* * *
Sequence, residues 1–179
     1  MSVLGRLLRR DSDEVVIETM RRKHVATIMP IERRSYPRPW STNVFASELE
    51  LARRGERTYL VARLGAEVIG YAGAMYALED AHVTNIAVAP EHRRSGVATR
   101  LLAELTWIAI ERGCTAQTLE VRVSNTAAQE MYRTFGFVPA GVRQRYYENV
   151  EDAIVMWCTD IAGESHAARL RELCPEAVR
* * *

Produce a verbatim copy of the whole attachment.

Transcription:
Sequence, residues 1–179
     1  MSVLGRLLRR DSDEVVIETM RRKHVATIMP IERRSYPRPW STNVFASELE
    51  LARRGERTYL VARLGAEVIG YAGAMYALED AHVTNIAVAP EHRRSGVATR
   101  LLAELTWIAI ERGCTAQTLE VRVSNTAAQE MYRTFGFVPA GVRQRYYENV
   151  EDAIVMWCTD IAGESHAARL RELCPEAVR